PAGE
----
The nature of the perennial response in Mediterranean grasses. II. Senescence, summer dormancy, and survival in Phalaris
Australian Journal of Agricultural Research
19(3) 397 - 409
Adaptation to summer drought has been one of the major factors influencing the life cycle of the Mediterranean grasses. The nature of this adaptation has been studied by comparing the behaviour of a typical perennial, Phalaris tuberosa, with a closely related annual species P. minor, under simulated summer drought conditions. One of the most important factors controlling the plant survival of these two species is the difference in the rate and pattern of senescence after flowering under the influence of moisture stress. In the annual, senescence is rapid and complete, but in the perennial it is retarded, and function is retained in certain organs, including the lower stem and root system, throughout the summer stress. This permits survival of dormant buds which contain the meristems vital for regrowth in the autumn. Another feature which may be important in the perennial is the limited carbon assimilation by the dormant culms during the summer which contributes a source of energy for the maintenance of root activity, and for the regeneration of dormant buds.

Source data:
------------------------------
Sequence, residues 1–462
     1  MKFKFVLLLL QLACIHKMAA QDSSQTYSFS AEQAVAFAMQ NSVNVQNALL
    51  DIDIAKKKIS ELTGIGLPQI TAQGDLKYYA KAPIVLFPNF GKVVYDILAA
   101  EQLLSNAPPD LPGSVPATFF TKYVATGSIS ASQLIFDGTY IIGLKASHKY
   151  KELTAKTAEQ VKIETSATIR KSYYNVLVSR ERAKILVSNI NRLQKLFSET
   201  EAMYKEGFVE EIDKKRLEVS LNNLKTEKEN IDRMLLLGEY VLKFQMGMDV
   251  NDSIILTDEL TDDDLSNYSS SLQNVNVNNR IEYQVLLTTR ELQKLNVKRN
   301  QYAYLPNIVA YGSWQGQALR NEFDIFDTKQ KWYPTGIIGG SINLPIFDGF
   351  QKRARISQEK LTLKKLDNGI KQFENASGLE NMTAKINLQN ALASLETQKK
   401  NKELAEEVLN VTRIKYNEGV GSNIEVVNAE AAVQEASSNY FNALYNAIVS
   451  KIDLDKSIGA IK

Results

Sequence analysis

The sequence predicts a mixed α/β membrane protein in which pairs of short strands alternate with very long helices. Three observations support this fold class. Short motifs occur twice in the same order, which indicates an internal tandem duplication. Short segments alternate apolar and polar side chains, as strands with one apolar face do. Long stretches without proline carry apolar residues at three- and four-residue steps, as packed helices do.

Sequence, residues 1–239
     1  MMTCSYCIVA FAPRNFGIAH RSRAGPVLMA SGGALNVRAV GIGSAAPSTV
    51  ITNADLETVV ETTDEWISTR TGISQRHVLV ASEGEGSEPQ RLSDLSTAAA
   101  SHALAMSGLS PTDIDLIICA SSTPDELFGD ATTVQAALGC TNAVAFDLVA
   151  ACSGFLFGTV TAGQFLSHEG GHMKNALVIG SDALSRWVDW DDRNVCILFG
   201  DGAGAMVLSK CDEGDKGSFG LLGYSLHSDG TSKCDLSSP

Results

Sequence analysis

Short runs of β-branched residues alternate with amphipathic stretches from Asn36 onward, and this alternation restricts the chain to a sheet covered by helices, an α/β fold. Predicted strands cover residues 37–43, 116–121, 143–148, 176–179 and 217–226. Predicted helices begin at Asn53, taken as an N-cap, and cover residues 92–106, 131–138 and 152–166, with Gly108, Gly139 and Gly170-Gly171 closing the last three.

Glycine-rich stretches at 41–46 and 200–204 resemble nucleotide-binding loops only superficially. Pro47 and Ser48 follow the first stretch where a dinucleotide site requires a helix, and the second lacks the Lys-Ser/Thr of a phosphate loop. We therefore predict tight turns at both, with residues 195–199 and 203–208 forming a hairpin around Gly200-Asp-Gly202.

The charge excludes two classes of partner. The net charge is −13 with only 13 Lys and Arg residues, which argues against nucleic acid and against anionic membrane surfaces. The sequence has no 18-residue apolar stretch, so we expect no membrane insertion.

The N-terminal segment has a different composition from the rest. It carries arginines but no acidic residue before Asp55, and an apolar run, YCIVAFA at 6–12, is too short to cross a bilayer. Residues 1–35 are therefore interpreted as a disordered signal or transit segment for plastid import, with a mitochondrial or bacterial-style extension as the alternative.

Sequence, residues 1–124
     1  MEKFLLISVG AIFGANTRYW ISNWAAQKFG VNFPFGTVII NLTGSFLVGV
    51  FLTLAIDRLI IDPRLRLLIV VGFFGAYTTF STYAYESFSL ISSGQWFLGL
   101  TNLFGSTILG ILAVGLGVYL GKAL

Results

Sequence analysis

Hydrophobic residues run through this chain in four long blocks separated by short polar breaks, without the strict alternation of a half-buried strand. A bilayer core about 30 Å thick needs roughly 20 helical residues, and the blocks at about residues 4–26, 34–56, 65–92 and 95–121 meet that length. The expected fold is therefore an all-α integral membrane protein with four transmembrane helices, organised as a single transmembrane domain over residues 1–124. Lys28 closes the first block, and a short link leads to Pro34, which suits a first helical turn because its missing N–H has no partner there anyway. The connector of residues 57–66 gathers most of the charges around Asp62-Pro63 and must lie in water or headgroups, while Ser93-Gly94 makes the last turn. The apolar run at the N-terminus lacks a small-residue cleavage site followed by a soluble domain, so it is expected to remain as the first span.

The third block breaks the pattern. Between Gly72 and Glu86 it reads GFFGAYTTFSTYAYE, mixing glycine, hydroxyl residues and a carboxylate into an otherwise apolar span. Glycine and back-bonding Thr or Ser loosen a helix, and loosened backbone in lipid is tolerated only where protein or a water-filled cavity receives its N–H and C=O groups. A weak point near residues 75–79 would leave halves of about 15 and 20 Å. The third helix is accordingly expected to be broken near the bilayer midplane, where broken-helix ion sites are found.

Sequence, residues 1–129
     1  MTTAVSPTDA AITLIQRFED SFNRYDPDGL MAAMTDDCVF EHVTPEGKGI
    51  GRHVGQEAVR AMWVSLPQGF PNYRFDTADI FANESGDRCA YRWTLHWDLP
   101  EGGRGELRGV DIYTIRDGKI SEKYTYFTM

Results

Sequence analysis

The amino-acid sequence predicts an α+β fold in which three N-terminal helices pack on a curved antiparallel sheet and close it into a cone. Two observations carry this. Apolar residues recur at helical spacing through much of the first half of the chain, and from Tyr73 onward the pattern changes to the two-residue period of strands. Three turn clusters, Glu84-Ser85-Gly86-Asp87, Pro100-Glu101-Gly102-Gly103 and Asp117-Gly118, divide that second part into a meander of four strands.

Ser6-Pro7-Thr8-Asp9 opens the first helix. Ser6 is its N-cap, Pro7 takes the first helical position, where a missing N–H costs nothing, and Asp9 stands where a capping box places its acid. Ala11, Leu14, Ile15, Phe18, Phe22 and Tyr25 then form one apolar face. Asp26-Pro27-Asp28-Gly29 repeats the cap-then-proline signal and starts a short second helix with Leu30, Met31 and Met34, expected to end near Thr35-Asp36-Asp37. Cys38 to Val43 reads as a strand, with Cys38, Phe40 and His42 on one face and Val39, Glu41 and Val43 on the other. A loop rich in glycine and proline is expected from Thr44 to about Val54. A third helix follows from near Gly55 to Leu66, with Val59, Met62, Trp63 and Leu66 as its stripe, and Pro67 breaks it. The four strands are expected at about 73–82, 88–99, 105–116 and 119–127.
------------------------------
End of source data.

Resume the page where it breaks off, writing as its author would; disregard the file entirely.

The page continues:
The evidence suggests that these factors may be of general significance, and could well form the basis of the perennial response in other Mediterranean grass species.
Full text doi:10.1071/AR9680397
© CSIRO 1968